Washington is a very serious city. Decisions made here change the world. Unlike New York where money rules or Los Angeles where beauty is king, Washington runs on political power. But even in our hyper-partisan times, it’s important to make friends and influence people on the other side of an issue if you want to get something done in the nation’s capital.
Unfortunately for Maryland football fans, Terps coach Randy Edsall didn’t follow that plan during his first season in College Park. Hired to replace longtime coach/popular alumnus Ralph Friedgen, who had led Maryland to a surprising 9-4 record in 2010 that was capped by a bowl victory, Edsall was as cold and unyielding as the stone bases that hold the statues of Terps mascot Testudo that dot the College Park campus.
The new coach trashed his predecessor, cracked down on player behavior and dress, sharply reduced media access, and demoted quarterback Danny O’Brien, the 2010 ACC Rookie of the Year. Some of these get-tough tactics might have worked if the Terps had been winning. However, after a victorious, nationally-televised debut against Miami, Maryland went 1-10 the rest of the way, beating only in-state FBS rival Towson and suffering eight of its defeats by double digits.
More than 20 players, including O’Brien have transferred. Their departures left only 21 players who have suited up at Maryland for more than a year. And the most important one of those on the offense, quarterback C.J. Brown, was just lost for the season with a torn ACL, leaving the Terps without a quarterback who has taken a college snap. That makes Edsall’s feud with O’Brien, who could start for a strong Wisconsin team, look even worse.
I know that Edsall, whom I covered when I was a young reporter in Syracuse in the mid-1980s and he was a nearly as young assistant coach, comes by his my way or the highway attitude naturally. That’s just who he is.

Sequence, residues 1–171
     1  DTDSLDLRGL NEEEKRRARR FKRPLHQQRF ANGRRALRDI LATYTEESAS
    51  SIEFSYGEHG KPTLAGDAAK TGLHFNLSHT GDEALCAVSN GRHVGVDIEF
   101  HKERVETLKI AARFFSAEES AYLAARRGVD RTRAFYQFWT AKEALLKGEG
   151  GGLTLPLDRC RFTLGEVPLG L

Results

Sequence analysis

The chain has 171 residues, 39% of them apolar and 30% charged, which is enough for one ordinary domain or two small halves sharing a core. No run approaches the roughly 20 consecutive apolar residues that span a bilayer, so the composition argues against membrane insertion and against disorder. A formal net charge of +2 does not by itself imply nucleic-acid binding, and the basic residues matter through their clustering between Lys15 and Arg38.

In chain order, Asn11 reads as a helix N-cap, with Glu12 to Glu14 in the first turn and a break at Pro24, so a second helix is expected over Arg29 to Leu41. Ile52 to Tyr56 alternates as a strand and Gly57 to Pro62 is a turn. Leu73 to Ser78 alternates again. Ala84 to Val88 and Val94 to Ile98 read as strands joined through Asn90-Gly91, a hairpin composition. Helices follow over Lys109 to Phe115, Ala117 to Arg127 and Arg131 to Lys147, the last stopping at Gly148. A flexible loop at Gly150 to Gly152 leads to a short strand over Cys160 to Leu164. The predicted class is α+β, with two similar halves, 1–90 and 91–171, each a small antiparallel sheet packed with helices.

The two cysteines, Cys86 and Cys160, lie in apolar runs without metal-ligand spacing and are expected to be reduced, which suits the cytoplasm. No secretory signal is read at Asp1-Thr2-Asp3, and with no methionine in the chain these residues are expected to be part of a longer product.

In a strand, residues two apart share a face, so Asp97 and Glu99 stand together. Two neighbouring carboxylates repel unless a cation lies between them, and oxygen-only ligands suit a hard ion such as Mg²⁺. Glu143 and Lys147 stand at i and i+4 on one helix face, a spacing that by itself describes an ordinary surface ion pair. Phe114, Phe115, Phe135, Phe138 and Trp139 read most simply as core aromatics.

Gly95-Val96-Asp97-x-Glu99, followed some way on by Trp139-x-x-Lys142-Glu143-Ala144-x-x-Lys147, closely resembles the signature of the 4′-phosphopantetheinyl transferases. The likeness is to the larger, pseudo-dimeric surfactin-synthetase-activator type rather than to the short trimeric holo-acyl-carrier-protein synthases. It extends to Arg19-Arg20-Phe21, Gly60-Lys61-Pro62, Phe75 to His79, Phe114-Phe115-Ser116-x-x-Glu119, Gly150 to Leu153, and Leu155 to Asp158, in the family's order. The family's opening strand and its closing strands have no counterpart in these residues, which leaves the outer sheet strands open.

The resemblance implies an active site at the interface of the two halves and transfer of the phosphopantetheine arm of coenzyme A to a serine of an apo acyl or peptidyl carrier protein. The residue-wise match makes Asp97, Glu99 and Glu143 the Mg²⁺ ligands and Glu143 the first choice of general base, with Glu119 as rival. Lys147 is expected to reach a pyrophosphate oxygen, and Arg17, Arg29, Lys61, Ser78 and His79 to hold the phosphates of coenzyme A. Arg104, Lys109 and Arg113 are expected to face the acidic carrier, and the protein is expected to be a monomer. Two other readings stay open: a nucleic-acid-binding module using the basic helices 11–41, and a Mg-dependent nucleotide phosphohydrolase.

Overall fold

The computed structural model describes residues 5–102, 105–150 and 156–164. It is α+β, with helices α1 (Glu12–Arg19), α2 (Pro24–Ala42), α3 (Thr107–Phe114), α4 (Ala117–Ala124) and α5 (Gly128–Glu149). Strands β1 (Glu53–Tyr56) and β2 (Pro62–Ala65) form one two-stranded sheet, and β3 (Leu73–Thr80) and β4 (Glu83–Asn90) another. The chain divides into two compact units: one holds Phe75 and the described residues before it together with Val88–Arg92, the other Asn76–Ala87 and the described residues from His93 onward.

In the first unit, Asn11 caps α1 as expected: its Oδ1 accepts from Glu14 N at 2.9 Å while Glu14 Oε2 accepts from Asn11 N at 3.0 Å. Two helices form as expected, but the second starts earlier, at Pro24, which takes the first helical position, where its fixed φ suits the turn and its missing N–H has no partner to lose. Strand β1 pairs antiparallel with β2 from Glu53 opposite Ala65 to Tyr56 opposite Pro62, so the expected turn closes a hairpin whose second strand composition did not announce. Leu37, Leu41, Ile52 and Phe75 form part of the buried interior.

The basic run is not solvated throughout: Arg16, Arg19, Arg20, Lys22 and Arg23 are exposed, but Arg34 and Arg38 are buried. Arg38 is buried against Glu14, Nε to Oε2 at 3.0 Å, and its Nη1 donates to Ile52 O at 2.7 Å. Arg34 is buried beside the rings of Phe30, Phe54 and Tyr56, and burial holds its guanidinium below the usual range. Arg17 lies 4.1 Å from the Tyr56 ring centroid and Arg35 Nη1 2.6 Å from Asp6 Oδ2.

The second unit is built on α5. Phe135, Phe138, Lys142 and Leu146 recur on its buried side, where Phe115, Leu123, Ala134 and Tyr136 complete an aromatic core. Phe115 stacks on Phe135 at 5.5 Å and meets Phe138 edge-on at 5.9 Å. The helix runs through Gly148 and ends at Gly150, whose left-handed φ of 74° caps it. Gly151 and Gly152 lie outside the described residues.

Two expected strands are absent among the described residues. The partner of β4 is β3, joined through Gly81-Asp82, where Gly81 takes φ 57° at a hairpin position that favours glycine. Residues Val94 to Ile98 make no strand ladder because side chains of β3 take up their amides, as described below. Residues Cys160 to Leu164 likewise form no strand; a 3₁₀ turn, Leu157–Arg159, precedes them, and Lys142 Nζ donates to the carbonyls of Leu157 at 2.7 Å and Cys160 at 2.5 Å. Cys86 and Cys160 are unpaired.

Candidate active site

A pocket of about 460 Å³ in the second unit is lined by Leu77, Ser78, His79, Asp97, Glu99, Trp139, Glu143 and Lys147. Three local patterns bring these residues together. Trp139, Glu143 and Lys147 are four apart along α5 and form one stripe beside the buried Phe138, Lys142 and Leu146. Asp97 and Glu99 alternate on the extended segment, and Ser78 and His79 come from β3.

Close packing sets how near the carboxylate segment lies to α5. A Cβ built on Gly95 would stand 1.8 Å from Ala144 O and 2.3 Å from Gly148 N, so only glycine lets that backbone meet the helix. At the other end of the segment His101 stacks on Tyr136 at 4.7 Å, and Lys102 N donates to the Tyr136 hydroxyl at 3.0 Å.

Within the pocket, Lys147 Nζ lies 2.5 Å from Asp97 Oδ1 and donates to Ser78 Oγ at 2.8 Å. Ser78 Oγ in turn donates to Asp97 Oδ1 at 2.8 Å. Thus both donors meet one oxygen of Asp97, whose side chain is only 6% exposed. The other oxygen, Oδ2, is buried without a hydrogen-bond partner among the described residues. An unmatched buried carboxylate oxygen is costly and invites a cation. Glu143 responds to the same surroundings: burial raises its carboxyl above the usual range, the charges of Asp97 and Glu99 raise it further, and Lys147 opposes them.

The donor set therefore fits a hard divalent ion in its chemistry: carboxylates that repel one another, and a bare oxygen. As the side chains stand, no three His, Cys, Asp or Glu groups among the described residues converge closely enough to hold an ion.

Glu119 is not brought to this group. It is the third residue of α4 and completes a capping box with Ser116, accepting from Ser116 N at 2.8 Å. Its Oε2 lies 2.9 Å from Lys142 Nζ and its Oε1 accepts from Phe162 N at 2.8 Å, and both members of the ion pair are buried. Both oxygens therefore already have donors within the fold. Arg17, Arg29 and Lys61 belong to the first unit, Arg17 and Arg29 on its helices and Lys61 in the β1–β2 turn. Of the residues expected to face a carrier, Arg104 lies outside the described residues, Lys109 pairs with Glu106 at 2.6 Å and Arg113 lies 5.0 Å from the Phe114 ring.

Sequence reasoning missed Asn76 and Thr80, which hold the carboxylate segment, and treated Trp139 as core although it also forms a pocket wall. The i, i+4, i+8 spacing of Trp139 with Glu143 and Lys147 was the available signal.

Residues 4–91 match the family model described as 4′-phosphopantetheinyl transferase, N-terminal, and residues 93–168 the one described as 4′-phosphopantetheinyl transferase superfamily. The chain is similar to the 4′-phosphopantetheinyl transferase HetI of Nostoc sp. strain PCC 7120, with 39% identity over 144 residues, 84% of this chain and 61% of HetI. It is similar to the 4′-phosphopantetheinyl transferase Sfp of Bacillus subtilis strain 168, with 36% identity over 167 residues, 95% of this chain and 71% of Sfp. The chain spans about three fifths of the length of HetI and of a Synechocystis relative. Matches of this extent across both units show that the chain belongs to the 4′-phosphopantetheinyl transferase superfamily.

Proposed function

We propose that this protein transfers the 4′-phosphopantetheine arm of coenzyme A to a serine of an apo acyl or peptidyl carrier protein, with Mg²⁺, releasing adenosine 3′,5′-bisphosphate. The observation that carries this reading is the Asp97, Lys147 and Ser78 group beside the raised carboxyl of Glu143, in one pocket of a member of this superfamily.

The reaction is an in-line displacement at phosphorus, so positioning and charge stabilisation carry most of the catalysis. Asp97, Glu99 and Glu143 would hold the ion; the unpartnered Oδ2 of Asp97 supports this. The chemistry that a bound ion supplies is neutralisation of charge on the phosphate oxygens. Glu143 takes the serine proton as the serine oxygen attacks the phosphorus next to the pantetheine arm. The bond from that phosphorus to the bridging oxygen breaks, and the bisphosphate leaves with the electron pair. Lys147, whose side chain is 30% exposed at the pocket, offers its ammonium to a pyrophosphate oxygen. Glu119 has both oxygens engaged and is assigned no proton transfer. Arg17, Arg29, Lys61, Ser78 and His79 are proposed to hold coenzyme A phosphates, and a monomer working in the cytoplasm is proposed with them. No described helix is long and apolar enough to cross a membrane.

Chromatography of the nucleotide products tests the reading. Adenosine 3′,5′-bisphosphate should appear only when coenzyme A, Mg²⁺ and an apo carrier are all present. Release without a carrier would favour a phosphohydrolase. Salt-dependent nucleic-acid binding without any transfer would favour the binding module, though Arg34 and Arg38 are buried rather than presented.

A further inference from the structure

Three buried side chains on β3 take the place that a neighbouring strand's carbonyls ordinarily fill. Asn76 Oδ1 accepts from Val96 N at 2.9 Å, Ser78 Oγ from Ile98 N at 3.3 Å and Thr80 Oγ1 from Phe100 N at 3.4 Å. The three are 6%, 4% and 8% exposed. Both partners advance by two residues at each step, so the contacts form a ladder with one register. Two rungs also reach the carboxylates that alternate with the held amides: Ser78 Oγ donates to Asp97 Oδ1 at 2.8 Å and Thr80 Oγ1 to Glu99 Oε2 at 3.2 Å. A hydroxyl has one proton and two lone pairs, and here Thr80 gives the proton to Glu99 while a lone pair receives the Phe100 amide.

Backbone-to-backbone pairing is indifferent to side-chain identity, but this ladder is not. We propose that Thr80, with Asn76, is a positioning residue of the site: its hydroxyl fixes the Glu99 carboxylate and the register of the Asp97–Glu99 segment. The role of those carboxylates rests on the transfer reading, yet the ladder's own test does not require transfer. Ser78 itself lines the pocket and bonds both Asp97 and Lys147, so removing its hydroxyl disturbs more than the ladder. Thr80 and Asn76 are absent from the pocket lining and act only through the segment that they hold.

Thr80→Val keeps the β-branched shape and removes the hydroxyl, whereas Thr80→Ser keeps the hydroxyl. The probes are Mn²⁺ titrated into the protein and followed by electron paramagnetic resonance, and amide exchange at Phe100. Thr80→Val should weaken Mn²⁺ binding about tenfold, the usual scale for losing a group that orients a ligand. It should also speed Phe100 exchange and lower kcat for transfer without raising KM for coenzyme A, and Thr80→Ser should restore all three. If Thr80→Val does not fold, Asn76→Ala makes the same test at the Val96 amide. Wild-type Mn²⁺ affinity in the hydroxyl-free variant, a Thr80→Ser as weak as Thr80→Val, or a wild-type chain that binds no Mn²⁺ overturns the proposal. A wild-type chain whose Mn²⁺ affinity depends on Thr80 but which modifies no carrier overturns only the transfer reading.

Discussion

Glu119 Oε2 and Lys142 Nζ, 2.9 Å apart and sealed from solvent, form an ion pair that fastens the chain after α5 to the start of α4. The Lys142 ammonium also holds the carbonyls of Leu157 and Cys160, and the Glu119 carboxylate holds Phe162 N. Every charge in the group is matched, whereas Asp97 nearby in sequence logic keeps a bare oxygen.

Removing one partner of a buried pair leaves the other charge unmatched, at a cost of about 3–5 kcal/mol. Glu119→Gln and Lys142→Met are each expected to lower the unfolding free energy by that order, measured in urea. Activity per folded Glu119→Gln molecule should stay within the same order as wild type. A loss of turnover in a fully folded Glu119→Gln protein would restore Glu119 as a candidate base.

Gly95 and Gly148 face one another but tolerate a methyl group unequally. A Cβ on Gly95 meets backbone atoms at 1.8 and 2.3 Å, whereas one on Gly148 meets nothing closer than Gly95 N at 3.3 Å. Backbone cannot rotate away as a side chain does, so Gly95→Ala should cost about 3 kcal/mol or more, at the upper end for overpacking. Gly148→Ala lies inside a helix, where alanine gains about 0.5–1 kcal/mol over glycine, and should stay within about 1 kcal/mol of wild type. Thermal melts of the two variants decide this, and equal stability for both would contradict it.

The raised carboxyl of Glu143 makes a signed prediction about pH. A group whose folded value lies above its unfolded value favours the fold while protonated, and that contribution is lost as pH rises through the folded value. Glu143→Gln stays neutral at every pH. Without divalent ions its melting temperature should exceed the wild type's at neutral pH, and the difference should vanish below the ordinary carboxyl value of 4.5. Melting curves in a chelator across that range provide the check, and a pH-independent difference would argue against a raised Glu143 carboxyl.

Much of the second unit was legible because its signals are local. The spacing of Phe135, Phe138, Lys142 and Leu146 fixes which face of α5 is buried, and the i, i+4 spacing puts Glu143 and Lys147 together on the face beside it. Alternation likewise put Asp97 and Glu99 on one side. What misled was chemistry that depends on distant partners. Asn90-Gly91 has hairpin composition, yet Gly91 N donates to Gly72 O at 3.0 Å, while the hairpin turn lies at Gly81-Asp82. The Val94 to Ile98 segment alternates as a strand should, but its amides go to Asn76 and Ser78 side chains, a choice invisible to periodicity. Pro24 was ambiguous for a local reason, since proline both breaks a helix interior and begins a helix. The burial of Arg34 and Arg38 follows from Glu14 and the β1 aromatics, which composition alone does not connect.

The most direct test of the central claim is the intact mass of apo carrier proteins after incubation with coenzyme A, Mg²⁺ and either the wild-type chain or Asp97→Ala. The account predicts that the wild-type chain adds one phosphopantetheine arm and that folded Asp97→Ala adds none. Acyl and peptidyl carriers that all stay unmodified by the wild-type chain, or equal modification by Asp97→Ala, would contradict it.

But in fairness, Edsall has also been shaped by his environment. Friedgen spent 38 of his 46 years, including the final 29, as a college player and college and pro coach in major markets (Washington-Baltimore, Atlanta and San Diego) where his program had to compete for attention with the likes of the Redskins, Braves and Chargers. “The Fridge” knew he had to court attention.
Edsall spent 31 of his 35 seasons prior to coming to Maryland at Syracuse, at Connecticut and in Jacksonville, smaller markets where his team owned the town. Before 2011, it had been 13 years since he had coached in a competitive market. During Edsall’s first eight years in Syracuse, the afternoon paper’s sports columnist was the former sports publicist at the university and rooted openly for the Orange in print.
And where Friedgen worked under the always-affable Bobby Ross for 20 years at Maryland, at Georgia Tech and with the Chargers, Edsall was mentored by the ever-scowling Tom Coughlin for seven years at Boston College and with the Jaguars.
While not exactly on a charm offensive since his horrific in every way debut in College Park, Edsall is listening to those who’ve told him to lighten up at least a little. New athletic department public relations men Zack Bolno and Matt Taylor are veterans of the more competitive pro sports arena as is public relations consultant John Maroon. So Edsall agreed to make coordinators Mike Locksley and Brian Stewart available to the media on a weekly basis. It will be easier to talk to players. Edsall will be more giving of his own time and he restored the names to the backs of the Terps’ jerseys after removing them in 2011.
None of this will help the undermanned and overmatched Terps beat the likes of Florida State, Clemson or Georgia Tech, but trying to win friends and influence people might help Maryland draw some more fans to Byrd Stadium for an unattractive (other than Florida State) home schedule, help Edsall keep his job for 2013, and help his recruiting. It can’t hurt if he’s not viewed as such a iron-fisted martinet.
David Elfin began writing about sports when he was a junior at Bethesda-Chevy Chase High School. He is Washington’s representative on the Pro Football Hall of Fame selection committee and the author of seven books, most recently, “Washington Redskins: The Complete Illustrated History.” A pre-game regular on 106.7-The Fan the last two Redskins seasons, he has been its columnist since last March. Follow him on Twitter: @DavidElfin